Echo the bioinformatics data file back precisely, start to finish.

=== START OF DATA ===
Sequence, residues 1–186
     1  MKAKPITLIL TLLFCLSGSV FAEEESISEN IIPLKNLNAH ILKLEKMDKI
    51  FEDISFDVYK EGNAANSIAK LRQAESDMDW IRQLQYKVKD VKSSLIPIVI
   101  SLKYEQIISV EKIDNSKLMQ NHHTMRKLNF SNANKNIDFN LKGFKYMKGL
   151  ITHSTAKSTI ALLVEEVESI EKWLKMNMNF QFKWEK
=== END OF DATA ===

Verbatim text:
Sequence, residues 1–186
     1  MKAKPITLIL TLLFCLSGSV FAEEESISEN IIPLKNLNAH ILKLEKMDKI
    51  FEDISFDVYK EGNAANSIAK LRQAESDMDW IRQLQYKVKD VKSSLIPIVI
   101  SLKYEQIISV EKIDNSKLMQ NHHTMRKLNF SNANKNIDFN LKGFKYMKGL
   151  ITHSTAKSTI ALLVEEVESI EKWLKMNMNF QFKWEK